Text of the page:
Juanita Tolliver: I feel like the most frustrating thing is to hear that behind the scenes, Biden was enraged and how outraged he is, but they’re going to keep doing what they’re doing. So the condemnations since the strikes on Monday night have continued all around the world. I know World Central Kitchen founder Jose Andres has also been very vocal. Tell us more about what he’s had to say. 


Priyanka Aribindi: Yes. And just for a little background here, Andres is a renowned chef and humanitarian. He founded World Central Kitchen to feed people in need who are on the frontlines of wars and crises, and they’ve become known as one of the most agile and effective groups that does this. He is really, truly a hero. But he spoke out yesterday to reject the explanation that these strikes were not a deliberate attack against humanitarian workers, which is an assertion that Israel and the US continue to stand by. Take a listen to him speaking with Reuters yesterday. 


[clip of Jose Andres] What I know is that we were targeted, deliberately, nonstop until everybody was dead in this convoy. This happened over more than 1.5, 1.8km. So this was not just a bad luck situation where, oops, we dropped the bomb in the wrong place. No, this was over 1.5, 1.8km with a very defined humanitarian convoy that had signs in the top and the roof. 


Priyanka Aribindi: He reiterated that the IDF had been made aware of the convoy’s location ahead of time, and called for investigations into what happened not only by Israel, which has already launched one, but by the U.S. and the home countries of every aid worker who was killed. He also said, quote, “the US must do more to tell Prime Minister Netanyahu this war needs to end now.” 


Juanita Tolliver: On the topic of aid. We touched on this yesterday, but these deaths have impacted aid delivery into Gaza. What more do we know at this time? 


Priyanka Aribindi: Yes, at least two other aid groups have suspended their operations in Gaza since the deaths of these workers. Groups that are still delivering food say that they are being much more cautious. Countries like the US, France, Jordan and Egypt are still air dropping supplies into Gaza. But according to the UN, the only way to sufficiently ramp up aid to the levels that they need it to be is by truck. As we said yesterday, half of Gaza’s two million plus people are on the brink of famine. It’s a humanitarian disaster, to say the very least. Just last week, the U.S. State Department said that famine is probably already present in some parts of northern Gaza. And the interruption in these deliveries of food, even if it’s only for a few days, will have dire consequences for people who have already been struggling for months on end now. Andres did say that World Central Kitchen is assessing the safety risks in Gaza and contemplating restarting operations in the midst of their own losses. But in addition to this strike and the logistics of delivering aid, he did use this opportunity to speak more broadly about this war. He penned a very moving op ed in The New York Times yesterday, not only about the deaths of his colleagues, but pleading with the Israeli government to stop using food as a weapon of war. We’ll link to that in our show notes if you want to read more, I highly recommend. And I will also leave you with this from his interview with Reuters.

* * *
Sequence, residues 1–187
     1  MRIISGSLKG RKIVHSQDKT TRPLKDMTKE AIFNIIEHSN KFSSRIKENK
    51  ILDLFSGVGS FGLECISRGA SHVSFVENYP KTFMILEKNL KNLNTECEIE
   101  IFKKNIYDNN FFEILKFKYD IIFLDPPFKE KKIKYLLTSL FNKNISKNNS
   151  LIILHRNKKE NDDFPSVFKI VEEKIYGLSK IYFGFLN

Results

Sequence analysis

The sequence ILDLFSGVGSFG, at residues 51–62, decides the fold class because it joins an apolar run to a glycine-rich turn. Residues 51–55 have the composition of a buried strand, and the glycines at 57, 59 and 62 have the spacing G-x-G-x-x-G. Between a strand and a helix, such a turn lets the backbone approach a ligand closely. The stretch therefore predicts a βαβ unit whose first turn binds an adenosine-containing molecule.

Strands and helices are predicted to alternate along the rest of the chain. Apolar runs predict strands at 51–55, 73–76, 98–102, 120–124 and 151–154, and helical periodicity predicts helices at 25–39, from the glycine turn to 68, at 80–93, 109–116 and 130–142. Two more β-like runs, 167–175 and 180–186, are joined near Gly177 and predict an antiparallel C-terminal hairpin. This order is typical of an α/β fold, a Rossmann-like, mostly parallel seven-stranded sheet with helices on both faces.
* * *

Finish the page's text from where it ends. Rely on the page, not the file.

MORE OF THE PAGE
[clip of Jose Andres] Humanitarians and civilians should never be paying the consequences of war. This is a basic principle of humanity. At the time, this looks like it’s not a war against terrorism anymore. It seems this is a war against humanity itself. 


Juanita Tolliver: I think that’s the explicit exclamation point that people have been making since Israel started its bombardment in Gaza. I appreciate Jose Andres for explicitly making that clear yet again. I’m also dumbfounded by the fact that World Central Kitchen is still prepared to continue delivering aid. I think that’s heroic at this stage, knowing the–


Priyanka Aribindi: Sure. 


Juanita Tolliver: –dire strait that Gazans are in. 


Priyanka Aribindi: Truly.